The valley and the celluloid

Of Bollywood bias and Kashmir story portrayed on the screen



One of the reasons Bollywood deals with Kashmir in an aggressive way can be the rise of Hindu fundamentalism in the late 1980s that resulted in the destruction of the 16th century Babri Masjid on December 06, 1992. Analysing the rise of fundamentalist themes in Hindi films, Vijay Mishra speaks of the long-time residual antagonisms that resulted the Partition of India and of the simmering, unresolved tensions, mostly because of Kashmir, have built up over the decades
With the rise of Hindu fundamentalist in India, the unresolved Kashmir issue tension seeped into the Bollywood thus making their way into mainstream Indian cinema. Apart from the ‘feudal family romance’ hits, the most successful films in the 90s and early 2000 have been conflict drama that has been categorised by scholars as “devious” and “insidious.” Bollywood filmmakers pandering to the trend of continually rendering a Hindutva outlook in the post-Babri Masjid demolition period has, according to Mishra, put India’s multicultural in peril: “The danger that this poses, especially when it is re-shaped by India’s dominant cultural form, is one of the greatest threats to precisely the nationalist secular ideal that Indian cinema has fostered.” Commiserating this view scholars say: “Fluctuating relationship between India and Pakistan over the Kashmir issue, the campaign to establish Khalistan and the rise of Hindu nationalism have dented the fabric of multi-religious India. What happens to India will largely depend on how powerful Hindu nationalism becomes.” (K.Moti Gokulsing, Dissanayake, ‘Indian Popular Cinema: a narrative of cultural change’)
Before the demolition of Babri Masjid there was near about silence on partition and the Kashmir conflict in the mainstream Hindi cinema. In fact the partition was represented through ‘melas’ in which family members are lost only to be reunited at the climax of the film. Post the demolition of Babri Masjid, Bollywood responded with a vengeance. Jugnath Guha observes, “War movies now found a niche in the Indian market, including films about ‘civil war,’ focusing on the tensions within.”
Roja—although made in Tamil language –the film was subsequently dubbed in Hindi and other Indian languages. The film presented Kashmir like any other north Indian state. Despite Roja being supposedly set in Kashmir the film has the characters using Punjabi language and reading and writing in Hindi. There is indigenous newspaper in the film that is also in Hindi. And it was presented not without a reason. Filmmakers may make a downright stupid film but they are intelligent people. By equating Kashmir with other Indian states the filmmakers send a message to the gullible people that Kashmir is like any other place of India. Though the militants in the film are given a cause but throughout the film it is made clear that they are fighting the proxy war on behalf of the Pakistan.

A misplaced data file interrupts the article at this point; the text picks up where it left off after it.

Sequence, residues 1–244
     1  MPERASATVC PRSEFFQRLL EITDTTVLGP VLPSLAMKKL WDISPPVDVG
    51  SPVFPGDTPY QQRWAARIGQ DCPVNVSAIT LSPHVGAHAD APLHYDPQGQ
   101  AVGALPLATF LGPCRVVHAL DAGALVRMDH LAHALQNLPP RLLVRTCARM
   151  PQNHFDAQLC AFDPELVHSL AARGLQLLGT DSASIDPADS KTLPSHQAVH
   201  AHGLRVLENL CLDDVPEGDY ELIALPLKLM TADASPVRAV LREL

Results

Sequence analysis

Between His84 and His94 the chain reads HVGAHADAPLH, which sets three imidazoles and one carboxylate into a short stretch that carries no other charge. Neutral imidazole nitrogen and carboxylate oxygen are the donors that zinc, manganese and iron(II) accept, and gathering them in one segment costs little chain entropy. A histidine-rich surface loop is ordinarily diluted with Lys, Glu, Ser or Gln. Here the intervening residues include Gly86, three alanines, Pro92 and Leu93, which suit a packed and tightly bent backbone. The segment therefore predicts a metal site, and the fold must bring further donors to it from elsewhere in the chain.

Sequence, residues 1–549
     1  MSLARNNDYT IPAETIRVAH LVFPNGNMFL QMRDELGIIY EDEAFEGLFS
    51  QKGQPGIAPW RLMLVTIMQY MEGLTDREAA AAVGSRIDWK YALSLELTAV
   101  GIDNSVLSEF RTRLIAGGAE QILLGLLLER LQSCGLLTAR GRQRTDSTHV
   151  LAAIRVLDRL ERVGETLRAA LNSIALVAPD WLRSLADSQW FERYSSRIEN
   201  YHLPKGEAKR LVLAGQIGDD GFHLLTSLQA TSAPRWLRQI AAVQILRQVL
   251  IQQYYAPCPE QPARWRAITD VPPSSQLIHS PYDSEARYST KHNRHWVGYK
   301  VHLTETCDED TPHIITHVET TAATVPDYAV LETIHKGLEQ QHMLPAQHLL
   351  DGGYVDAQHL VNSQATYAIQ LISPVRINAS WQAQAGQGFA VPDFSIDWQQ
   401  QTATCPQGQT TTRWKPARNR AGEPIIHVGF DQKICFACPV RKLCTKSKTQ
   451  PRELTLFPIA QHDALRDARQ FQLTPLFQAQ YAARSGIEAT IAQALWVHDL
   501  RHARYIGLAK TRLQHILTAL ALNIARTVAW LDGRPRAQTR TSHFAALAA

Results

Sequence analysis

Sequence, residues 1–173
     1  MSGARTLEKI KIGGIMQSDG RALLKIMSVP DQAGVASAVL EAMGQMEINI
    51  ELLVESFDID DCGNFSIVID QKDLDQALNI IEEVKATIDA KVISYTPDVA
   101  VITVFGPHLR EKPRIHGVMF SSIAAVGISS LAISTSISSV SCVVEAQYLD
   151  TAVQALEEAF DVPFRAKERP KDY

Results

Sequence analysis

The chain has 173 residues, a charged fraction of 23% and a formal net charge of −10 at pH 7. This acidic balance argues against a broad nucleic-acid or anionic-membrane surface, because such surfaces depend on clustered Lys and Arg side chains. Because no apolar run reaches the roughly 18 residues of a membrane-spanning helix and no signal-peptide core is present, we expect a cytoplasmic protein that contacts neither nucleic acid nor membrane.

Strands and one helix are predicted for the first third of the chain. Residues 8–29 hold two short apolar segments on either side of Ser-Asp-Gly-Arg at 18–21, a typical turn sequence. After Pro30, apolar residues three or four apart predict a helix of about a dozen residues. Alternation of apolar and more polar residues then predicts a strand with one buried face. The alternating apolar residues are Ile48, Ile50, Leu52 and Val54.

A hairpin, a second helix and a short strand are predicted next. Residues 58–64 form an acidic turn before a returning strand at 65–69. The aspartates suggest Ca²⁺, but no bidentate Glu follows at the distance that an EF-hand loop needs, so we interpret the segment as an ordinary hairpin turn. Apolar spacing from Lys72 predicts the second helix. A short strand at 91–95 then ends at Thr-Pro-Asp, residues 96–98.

What Roja brought back, wrote Bhawna Somaya, in the film magazine ‘Screen’ was the theme of patriotism. While the earlier Bollywood films on patriotism were based on ambiguous characters, Roja gave the popular film industry of India a Muslim Kashmiri/ Pakistani militant villain. “Ratnam effectively provided the creative cues for this new wave patriotism,” wrote Amrita Shah on the tenth anniversary of that film. “The tricolour,” she continues in her write up that appeared in the daily English newspaper, The Indian Express, “rousing music, simplistic emotions and lyrical vistas have become staple treatment for commercials and television spots on patriotism and were much in evidence during the Kargil crisis. They have become an essential part of regular films as well. Even love stories and family dramas such as Kuch Kuch Hota Hai and Kabhi Khushi Kabhie Gham use the redolent power of Indian national emblems." (ROJA— Dus Saal Baad, Sep 29, 2002).
But it was ‘Mission Kashmir’ that crystallised the new wave of patriotism. Vidhu Vinod Chopra partially shot the movie in the Valley. “While Pakistan was significantly absent from the Hindi film screen for decades,” wrote Pakistani journalist Rahimullah Yusufzai, “the crop of new films has now taken it head on.” (Himal Magazine: ‘Pashtoons and the Terrorist Film’)
Writing in the Himal issue of August 2000, Rahimullah further agued: “These films, which target not only Pakistan but also the Pashtoons of Pakistan/Afghanistan, are now coming fast and furious. Exploiting the nationalist sentiment for the sake of box-office receipts, these films pay scant regard to the consequences of such depictions for geopolitical relations in a nuclearised Subcontinent.” 
Bollywood like the political corridors of power in Delhi, has viewed Kashmir as an object. “Bollywood’s cache of Kashmir/Muslim terrorist films,” wrote Arundhati Roy, “had brainwashed most Indian into believing that all of Kashmir’s sorrow could be laid at the door of evil, people-hating terrorists”. The image has persisted.

Lastupdate on : Wed, 26 Dec 2012 21:30:00 Makkah time
Lastupdate on : Wed, 26 Dec 2012 18:30:00 GMT
Lastupdate on : Thu, 27 Dec 2012 00:00:00 IST

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